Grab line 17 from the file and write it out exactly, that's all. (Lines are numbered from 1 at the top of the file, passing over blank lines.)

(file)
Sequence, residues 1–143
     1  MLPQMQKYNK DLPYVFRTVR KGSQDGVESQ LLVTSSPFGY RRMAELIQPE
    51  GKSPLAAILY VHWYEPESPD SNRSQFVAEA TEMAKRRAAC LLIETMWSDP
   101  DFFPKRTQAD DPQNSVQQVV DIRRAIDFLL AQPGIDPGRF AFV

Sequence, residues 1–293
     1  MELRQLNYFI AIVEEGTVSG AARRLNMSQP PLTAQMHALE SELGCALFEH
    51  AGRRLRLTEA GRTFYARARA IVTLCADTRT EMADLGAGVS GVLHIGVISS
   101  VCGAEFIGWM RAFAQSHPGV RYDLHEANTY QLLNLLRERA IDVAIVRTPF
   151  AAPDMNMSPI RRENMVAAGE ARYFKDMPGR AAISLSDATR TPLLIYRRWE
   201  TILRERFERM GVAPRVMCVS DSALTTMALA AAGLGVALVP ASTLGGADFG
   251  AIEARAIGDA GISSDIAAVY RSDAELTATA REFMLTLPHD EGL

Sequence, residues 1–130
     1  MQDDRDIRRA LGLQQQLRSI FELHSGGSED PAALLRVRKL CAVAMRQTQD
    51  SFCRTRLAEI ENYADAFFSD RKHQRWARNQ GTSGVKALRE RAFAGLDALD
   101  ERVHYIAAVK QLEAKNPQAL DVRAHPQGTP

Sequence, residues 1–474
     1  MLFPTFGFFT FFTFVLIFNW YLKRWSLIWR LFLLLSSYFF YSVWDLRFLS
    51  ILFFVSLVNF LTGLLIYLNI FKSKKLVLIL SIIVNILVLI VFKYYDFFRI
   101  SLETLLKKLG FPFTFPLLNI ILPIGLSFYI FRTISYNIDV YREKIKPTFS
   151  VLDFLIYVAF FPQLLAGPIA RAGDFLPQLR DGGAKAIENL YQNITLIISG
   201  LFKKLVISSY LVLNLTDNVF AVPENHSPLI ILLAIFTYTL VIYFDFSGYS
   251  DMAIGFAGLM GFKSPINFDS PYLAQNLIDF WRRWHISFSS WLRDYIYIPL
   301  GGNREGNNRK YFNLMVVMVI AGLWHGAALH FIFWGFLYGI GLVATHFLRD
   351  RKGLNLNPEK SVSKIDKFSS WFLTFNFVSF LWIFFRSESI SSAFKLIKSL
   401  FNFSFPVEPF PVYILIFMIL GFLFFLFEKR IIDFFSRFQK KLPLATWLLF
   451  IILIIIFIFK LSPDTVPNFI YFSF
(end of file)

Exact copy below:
     1  MLFPTFGFFT FFTFVLIFNW YLKRWSLIWR LFLLLSSYFF YSVWDLRFLS